Puri was a true champion of women's rights, wrote Udwin in a tribute to the late actor.
Leslee Udwin of India's Daughter documentary remembers Om Puri
New Delhi - 14 Jan 2017 15:00 IST
The sudden demise of legendary Indian actor Om Puri has not only left his fans and fellow artists from Bollywood in shock but, given the international recognition he gained, several well-known international faces have also expressed their grief. The latest to join the chorus is Leslee Udwin, whose documentary India's Daughter was banned in India last year.
"Om was a true champion of women's rights and again he and I spent much time lamenting the fact that not just in India but around the world women are so abused and exploited, so disrespected and violated — not just physically but emotionally and psychologically as well. Injustice of any kind made Om ji more than angry — it made him deeply sad. So, again anyone who truly loved Om, I urge you to honour his memory by being active in the alleviation of the suffering of women and girls in India (and elsewhere too)," Udwin wrote in a heart-rendering tribute on www.bornofweb.com.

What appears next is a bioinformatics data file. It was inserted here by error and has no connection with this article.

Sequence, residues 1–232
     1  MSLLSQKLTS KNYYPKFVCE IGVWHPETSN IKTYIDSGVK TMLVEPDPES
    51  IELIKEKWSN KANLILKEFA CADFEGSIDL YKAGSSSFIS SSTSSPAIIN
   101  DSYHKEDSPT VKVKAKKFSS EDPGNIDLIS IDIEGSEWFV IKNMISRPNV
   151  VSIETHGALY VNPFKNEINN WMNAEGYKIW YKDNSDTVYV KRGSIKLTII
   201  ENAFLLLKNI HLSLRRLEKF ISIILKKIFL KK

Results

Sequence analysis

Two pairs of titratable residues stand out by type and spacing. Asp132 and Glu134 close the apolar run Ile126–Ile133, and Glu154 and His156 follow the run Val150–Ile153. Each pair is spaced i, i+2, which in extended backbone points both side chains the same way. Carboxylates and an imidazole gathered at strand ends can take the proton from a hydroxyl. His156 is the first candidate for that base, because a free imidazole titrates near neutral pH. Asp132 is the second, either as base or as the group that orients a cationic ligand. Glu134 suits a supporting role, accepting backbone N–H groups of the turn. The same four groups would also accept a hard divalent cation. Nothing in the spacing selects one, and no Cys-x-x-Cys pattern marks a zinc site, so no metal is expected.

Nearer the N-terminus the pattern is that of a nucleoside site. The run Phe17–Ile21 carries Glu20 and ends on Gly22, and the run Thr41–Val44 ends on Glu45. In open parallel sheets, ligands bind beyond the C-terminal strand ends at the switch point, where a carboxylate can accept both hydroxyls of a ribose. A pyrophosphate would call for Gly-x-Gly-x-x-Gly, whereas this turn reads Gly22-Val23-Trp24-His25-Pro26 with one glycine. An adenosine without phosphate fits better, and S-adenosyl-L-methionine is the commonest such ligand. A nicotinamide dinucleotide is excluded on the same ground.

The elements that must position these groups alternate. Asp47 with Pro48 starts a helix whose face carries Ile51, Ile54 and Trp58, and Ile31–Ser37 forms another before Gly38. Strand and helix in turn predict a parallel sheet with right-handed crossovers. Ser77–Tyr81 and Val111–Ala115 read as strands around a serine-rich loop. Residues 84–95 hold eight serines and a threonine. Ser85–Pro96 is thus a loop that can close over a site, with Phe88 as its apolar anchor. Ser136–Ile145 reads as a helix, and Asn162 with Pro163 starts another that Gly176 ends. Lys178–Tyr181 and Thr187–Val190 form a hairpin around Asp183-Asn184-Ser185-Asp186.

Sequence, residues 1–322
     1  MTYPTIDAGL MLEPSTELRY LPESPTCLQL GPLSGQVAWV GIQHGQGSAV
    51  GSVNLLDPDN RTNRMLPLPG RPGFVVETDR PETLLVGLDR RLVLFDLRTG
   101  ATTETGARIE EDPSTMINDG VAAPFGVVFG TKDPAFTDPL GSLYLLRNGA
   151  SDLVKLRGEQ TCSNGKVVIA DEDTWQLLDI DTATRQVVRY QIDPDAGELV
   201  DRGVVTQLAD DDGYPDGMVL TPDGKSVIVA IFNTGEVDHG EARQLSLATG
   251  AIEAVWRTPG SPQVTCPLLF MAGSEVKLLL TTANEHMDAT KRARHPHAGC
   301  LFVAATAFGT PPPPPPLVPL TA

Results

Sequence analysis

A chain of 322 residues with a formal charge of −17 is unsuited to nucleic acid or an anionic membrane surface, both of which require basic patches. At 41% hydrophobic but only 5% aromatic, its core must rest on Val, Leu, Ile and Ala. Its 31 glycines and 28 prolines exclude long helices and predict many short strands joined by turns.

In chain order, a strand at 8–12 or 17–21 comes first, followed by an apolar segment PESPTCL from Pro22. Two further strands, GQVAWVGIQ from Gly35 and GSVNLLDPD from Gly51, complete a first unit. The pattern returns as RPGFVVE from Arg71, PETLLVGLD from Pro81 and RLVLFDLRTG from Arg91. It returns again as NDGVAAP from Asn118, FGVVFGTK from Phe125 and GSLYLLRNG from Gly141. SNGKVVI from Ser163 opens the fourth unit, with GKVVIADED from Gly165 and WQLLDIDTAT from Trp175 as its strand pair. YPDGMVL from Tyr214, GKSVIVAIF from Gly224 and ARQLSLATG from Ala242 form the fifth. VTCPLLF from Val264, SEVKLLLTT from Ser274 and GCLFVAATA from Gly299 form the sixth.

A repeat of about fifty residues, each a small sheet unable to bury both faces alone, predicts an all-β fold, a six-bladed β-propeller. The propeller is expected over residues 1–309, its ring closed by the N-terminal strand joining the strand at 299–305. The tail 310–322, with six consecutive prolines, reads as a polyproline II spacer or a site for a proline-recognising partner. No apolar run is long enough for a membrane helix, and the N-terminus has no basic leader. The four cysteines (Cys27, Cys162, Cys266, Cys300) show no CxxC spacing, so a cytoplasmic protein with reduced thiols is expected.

Puri was awarded the Padma Shri, India's fourth-highest civilian award, in 1990 and was made an honorary Officer of the Order of the British Empire in 2004.
"Om has left us. And he has left us heavily bereft and lacking. He was not just one of the best actors in India but also in the world. And more than that, he was also such a hugely special human being. What made him both these rare things, was his enormous heart, and a soul so profound that it imbued everything he said and did and seemed to resonate with an almost audible timbre, like his voice which made his body visibly vibrate when he spoke," Udwin, who had cast Om Puri in her productions like East is East & West is West wrote.
Udwin is a British filmmaker, actress, and producer, who started her career as an actor and initially appeared in the British soap opera El Dorado.
"In India, in particular, I often felt he was more at ease with the humblest worker than with the dignitaries we sometimes had to meet. He often spoke of having been so privileged as to have had the generosity of a benefactor without whom he would not have been able to go to drama school and pursue his dream. He was true to himself, loyal to his humble beginnings, genuine in his love of others," Udwin wrote.